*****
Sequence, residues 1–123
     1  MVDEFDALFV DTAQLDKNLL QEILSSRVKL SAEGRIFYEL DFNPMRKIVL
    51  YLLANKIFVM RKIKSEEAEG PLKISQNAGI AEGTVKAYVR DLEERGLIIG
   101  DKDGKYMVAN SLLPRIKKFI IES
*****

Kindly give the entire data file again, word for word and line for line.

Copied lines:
Sequence, residues 1–123
     1  MVDEFDALFV DTAQLDKNLL QEILSSRVKL SAEGRIFYEL DFNPMRKIVL
    51  YLLANKIFVM RKIKSEEAEG PLKISQNAGI AEGTVKAYVR DLEERGLIIG
   101  DKDGKYMVAN SLLPRIKKFI IES